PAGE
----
Walrus. Svalbard. Norway.

Walrus. Svalbard. Norway.


Their clumsiness on land shouldn't be underestimated, though. I should probably point out that they are very sociable, and so on, but that could imply unwanted connotations to human society, so I'll put it straight. They loll over one another on the beach, so closely that a coin wouldn't fall through the mass, they puff from their sleep sometimes a tusk or a flipper rises from the huge sleeping brown heap which rakes like a nearby pig farm, only to fall back into the bog of fat diffluent bodies. It might not look it, but part of this heap of bodies is on the watch out, and though it would seem they don't have to fear anything, if something (a person maybe) got between them and the sea, it would cause their overwhelming gallop into the water. An escape so fast, furious and in its weight so destructive, that not even a polar bear would risk that, and a reasonable person shouldn't either.

Walrus. Svalbard. Norway.


Sink or swim. Polar bears sometimes follow walrus colonies, but to catch a walrus and a grown up, healthy male to that is even for such a predator as the polar bear virtually impossible. Polar bear can't even bite through the walrus's thick skin and if it bites through, it doesn't make much damage. Thick layer of fat underneath prevents the bear's teeth to do any serious harm. And a lethal bite in walrus head, be it only a youngster, bearing in mind the great seaward escape on however slight sign of danger described above, is even for a bear a highly risky way of hunting. And as soon as the walrus is in water, the bear's role is transformed from the hunter to an observer. Risk assessment: would the energy used up during the hunt (hunting success being circa 10%) plus possibility of an injury into the bargain be levelled by acquiring potentially caught food, so those are the dilemma the bear considers and only when despairingly hungry the bear pushes the borders of the risk further...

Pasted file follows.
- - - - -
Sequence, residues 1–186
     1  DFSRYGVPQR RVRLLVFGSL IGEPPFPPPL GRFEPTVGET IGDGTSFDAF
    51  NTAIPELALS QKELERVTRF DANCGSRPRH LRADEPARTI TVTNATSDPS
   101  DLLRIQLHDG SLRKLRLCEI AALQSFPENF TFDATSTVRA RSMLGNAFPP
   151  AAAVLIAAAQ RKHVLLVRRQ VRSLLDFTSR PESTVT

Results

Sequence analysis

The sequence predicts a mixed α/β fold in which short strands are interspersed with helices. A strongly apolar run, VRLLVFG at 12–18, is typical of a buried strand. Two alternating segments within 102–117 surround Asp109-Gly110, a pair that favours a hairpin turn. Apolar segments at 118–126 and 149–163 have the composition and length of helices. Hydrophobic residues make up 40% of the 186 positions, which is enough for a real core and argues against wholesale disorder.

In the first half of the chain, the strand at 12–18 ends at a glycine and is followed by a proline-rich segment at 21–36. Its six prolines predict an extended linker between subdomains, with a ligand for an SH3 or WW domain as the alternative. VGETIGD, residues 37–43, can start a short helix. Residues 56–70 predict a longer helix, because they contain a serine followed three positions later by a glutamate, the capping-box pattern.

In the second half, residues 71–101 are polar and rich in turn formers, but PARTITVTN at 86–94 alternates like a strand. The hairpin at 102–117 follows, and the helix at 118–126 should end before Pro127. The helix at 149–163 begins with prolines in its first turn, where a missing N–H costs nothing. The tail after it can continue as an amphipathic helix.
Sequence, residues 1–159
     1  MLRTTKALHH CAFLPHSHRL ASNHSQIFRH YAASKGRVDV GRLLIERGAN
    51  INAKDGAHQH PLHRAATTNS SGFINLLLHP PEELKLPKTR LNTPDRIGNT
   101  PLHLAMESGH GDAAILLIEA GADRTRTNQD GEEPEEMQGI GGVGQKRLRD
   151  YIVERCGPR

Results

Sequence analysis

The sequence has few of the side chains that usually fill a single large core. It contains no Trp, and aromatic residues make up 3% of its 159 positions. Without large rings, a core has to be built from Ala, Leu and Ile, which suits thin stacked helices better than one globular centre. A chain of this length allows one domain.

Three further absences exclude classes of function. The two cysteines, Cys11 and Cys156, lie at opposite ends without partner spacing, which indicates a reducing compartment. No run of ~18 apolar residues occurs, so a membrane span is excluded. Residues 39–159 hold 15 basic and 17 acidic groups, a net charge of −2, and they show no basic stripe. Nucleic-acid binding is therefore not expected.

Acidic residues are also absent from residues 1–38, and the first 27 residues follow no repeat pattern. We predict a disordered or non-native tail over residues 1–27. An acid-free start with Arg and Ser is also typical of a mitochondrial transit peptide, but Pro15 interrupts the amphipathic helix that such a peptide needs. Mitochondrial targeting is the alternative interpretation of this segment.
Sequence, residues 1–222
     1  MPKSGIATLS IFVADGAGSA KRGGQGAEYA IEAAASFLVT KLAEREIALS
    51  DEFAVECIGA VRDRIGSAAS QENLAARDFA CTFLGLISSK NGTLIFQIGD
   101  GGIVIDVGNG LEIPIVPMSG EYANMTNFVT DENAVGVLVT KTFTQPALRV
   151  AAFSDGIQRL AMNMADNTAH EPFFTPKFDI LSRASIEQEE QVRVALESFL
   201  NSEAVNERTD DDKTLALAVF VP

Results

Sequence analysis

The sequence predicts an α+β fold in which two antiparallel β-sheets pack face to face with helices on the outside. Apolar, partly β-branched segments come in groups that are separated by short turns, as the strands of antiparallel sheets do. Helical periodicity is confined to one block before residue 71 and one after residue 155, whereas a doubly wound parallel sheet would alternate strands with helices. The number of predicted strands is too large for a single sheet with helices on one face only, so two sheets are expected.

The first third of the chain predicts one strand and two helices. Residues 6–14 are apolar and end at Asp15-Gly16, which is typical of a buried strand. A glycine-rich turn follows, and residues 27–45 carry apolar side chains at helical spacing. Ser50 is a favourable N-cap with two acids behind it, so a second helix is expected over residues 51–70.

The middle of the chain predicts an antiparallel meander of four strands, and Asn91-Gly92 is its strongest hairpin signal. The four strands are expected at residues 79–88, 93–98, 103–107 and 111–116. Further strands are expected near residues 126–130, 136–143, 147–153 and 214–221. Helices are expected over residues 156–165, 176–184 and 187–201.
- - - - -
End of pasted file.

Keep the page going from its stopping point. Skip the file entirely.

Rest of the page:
Walrus. Svalbard. Norway.

Walrus. Svalbard. Norway.


There aren't so many walruses as it would seem on Svalbard, considering the fact that only killer whales and polar bears hunt them and even those only occasionally. After three centuries of walrus hunting, especially for their tusks, there is an estimate of 2000 specimen on Svalbard. Walrus population has been protected by Norway since 1952 and although it grows slightly, the walrus can still be found in Norwegian National Red List. On the whole the Atlantic subspecies of walrus, Odobenus rosmarus rosmarus, counts to 20 - 30.000, comparing to Pacific subspecies Odobenus rosmarus divergens counting 200.000 (Kovacs K.M., Lydersen Chr: Birds and Mammals of Svalbard).

Walrus. Svalbard. Norway


But when I'm lying on the beach, my side gently washed by the Greenland Sea, from which a little away emerges a huge male walrus, rising up in all its might if only to advance a bit towards the herd idling nearby, I feel like it's towering right over me and I think only about photos and I realize having reddened ears stuck from my hat only when the moment is over. About ethology, ecology, oceans level rising and wet boots I think even later...

Walrus. Svalbard. Norway


Bohdan Nemec, the Greenland Sea and Pilsen, Czech Rep., July/September 2013

Translation by Tereza Nemcova, gwareth.tn@gmail.com


Coming next: Whales, Seals and Arctic Foxes


Comments on article 'SVALBARD 2013: IV. - Ostrov Lågøya – mroži a já na osmdesáté rovnoběžce, aneb o medvědech ještě napíšu'
Comment 1-3 / 3
7.7.2014 09:16:18
Marie S
Velký obdiv za tak úžasnou, precizní a krásnou práci na výpravě. Ať se daří i při dalších expedicích a přeji hodně štěstí!
14.7.2014 19:49:28
Bohdan Němec
Marie, mnohokrát vám děkuji za přání i povzbuzení... Bohdan
12.10.2013 14:22:51
Michal Mašík
Fotografie mrožů jsou perfektní. Budí respekt.